Preferably, the peripheral surface of the bottom portion 72 provided with circular openings 73 and 74 is cut out in the form of arcs of a circle 90, or similar contours corresponding to the shape of the objects to be transported. A flange 92, which has a height substantially to that of the gussets 78 is then preferably fixed to the bottom portion 72 along the contours 90 the shape of which it conforms to so that it can maintain the objects in position.

Further, the outer partition walls of the crate which are, as the inner partition walls, formed by arms inclined in opposite directions, are interconnected in the corners of the crate by an arm 94 whose general direction intersects the corner of the girdle portion and makes an angle of about 45 with each of the sides of the latter.

It will be understood that in the different successive corners 95, 96, 97 and 98 of the crate, the arms 94 have inverted inclinations so that the series of V-shaped structures formed by the arms 81, 82, 94, which are inclined alternately in one direction and then the other, is continuous throughout the circumference of the crate and that this series has an axis of symmetry passing through the geometric center of the inner surface of the injecting moulds for the crate.

The outer inclined arms may also be constructed with a section which varies along their height and in particular a section which is internally reinforced in the middle part thereof and is more resistant to compressive stress, this reinforcement being located between the transported bottles or objects without this increasing the overall size of the crate.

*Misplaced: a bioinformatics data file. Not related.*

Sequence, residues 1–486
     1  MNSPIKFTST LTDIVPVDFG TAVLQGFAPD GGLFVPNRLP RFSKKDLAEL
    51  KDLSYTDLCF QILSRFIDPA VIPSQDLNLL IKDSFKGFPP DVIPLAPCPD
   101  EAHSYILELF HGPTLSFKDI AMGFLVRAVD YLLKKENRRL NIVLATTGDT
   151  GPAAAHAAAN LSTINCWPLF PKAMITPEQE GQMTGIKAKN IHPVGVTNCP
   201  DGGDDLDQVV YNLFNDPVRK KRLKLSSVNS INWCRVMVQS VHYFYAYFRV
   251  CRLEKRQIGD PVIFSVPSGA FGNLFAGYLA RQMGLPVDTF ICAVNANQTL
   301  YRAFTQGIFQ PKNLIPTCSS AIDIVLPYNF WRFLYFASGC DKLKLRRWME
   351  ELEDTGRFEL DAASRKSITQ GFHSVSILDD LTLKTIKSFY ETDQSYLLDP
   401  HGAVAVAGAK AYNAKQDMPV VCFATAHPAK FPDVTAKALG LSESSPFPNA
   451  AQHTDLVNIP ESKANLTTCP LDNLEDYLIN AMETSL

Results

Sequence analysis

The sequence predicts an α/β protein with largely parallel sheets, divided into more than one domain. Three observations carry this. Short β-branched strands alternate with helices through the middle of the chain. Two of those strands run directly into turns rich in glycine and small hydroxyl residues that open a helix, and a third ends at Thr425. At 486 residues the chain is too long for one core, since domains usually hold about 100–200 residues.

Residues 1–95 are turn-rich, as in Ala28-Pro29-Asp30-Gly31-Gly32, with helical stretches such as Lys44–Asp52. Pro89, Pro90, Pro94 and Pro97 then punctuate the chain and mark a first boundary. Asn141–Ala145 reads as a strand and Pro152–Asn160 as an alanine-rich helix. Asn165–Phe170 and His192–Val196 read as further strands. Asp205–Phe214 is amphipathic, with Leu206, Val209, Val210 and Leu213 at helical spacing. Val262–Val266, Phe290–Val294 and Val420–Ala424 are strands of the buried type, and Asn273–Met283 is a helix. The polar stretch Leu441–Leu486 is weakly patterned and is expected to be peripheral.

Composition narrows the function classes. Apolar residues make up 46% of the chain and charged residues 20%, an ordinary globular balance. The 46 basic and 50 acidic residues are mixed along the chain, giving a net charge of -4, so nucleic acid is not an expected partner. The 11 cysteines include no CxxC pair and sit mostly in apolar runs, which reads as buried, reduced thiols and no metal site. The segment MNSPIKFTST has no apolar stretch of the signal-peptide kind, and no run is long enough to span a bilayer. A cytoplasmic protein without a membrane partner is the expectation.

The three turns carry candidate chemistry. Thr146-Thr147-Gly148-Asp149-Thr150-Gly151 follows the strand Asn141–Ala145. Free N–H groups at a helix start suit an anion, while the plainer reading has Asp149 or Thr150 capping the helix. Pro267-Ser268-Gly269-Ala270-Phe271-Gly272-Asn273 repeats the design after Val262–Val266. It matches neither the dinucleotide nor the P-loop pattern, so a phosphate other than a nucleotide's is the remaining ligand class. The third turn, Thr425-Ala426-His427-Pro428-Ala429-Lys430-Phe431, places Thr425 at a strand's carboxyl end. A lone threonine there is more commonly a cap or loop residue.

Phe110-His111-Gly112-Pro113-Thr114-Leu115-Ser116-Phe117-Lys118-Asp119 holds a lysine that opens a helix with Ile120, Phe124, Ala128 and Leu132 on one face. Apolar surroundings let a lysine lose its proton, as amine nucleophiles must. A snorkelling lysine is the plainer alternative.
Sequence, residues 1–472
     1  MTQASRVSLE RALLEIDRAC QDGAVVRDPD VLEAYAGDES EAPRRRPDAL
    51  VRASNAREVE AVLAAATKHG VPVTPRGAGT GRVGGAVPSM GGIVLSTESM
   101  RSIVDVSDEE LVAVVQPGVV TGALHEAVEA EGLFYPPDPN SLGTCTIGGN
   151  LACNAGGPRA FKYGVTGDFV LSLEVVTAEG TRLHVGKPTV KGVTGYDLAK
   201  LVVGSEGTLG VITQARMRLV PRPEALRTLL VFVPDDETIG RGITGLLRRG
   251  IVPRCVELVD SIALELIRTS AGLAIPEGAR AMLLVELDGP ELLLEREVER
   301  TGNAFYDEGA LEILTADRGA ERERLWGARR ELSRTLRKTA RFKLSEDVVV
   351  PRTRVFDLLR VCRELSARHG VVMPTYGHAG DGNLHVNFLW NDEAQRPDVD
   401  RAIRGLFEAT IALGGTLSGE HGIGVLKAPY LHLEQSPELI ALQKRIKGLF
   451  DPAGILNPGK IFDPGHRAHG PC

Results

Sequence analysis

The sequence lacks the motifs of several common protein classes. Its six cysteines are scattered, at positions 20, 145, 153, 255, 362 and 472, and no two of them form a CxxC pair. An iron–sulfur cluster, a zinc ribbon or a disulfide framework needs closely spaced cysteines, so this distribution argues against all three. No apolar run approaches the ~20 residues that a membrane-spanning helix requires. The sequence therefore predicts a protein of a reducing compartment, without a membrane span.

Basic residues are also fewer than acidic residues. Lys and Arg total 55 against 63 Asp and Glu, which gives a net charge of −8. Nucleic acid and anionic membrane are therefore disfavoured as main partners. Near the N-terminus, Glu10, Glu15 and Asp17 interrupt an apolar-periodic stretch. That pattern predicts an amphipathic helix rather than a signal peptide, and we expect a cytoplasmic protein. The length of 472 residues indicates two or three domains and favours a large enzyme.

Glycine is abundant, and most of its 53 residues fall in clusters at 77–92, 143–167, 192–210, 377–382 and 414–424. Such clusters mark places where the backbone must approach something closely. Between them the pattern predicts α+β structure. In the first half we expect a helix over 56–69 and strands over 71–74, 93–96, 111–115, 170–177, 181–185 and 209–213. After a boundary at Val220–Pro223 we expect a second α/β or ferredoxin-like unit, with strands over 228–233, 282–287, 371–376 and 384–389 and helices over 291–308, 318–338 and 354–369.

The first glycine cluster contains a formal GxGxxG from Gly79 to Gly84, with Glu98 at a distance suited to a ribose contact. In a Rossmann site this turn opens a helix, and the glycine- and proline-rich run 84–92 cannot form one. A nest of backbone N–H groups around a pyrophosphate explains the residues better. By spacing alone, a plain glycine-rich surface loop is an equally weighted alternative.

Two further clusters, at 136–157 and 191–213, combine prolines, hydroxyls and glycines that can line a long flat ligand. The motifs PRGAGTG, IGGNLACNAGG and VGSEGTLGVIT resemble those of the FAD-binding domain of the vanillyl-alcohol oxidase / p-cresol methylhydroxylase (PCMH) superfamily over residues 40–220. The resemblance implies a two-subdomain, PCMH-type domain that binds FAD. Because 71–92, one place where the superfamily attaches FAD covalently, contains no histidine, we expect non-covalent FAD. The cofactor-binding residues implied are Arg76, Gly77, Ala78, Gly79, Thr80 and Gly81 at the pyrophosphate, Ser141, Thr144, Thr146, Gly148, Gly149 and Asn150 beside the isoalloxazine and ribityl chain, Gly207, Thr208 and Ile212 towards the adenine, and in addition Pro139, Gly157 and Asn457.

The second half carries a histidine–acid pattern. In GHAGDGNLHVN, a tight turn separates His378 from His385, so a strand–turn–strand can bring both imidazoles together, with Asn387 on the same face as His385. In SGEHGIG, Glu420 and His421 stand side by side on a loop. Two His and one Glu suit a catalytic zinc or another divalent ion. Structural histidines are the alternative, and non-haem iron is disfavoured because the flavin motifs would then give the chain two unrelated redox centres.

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Classifications
U.S. Classification206/507, 206/427, 206/509, 220/516
International ClassificationB65D1/24
Cooperative ClassificationB65D2501/24133, B65D2501/2435, B65D2501/24248, B65D2501/24076, B65D2501/24152, B65D2501/24592, B65D2501/24127, B65D2501/24019, B65D2501/24796, B65D1/243, B65D2501/24707
European ClassificationB65D1/24B
Legal Events
DateCodeEventDescription
Oct 18, 1984ASAssignment
Owner name: BERTRAND, FRANCOIS XAVIER LOUIS NANCY 23 RUE LUDOV
Free format text: DECREE OF DISTRIBUTION;ASSIGNOR:DAVID, PIERRE ALFRED;REEL/FRAME:004328/0690
Owner name: BERTRAND, ODILE AGNES GENEVIEVE, NANCY 23 RUE LUDO
Free format text: DECREE OF DISTRIBUTION;ASSIGNOR:DAVID, PIERRE ALFRED;REEL/FRAME:004328/0690
Owner name: BERTRAND, PIERRE HENRI PATRICE MICHEL NANCY 23 RUE
Free format text: DECREE OF DISTRIBUTION;ASSIGNOR:DAVID, PIERRE ALFRED;REEL/FRAME:004328/0690
Owner name: DAVID, ANTOINE PIERRE DAVID, NANCY 56 RUE STANISLA
Free format text: DECREE OF DISTRIBUTION;ASSIGNOR:DAVID, PIERRE ALFRED;REEL/FRAME:004328/0690
Owner name: DAVID, BRIGITTE MARIE DANIELE, BAGNEUX 8 SQUARE DE
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Owner name: DAVID, NICOLAS STEPHANE, NANCY 56 RUE STANISLAS
Free format text: DECREE OF DISTRIBUTION;ASSIGNOR:DAVID, PIERRE ALFRED;REEL/FRAME:004328/0690
Owner name: DAVID, PIERRE YVES HENRI METZ 4 RUE DE SALIS
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Owner name: DAVID, SOIZICK ANNE MARIE, METZ 4 RUE DE SALIS
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Owner name: DAVID, STEPHANIE MARIE AGNES, METZ 4 RUE DE SALIS
Free format text: DECREE OF DISTRIBUTION;ASSIGNOR:DAVID, PIERRE ALFRED;REEL/FRAME:004328/0690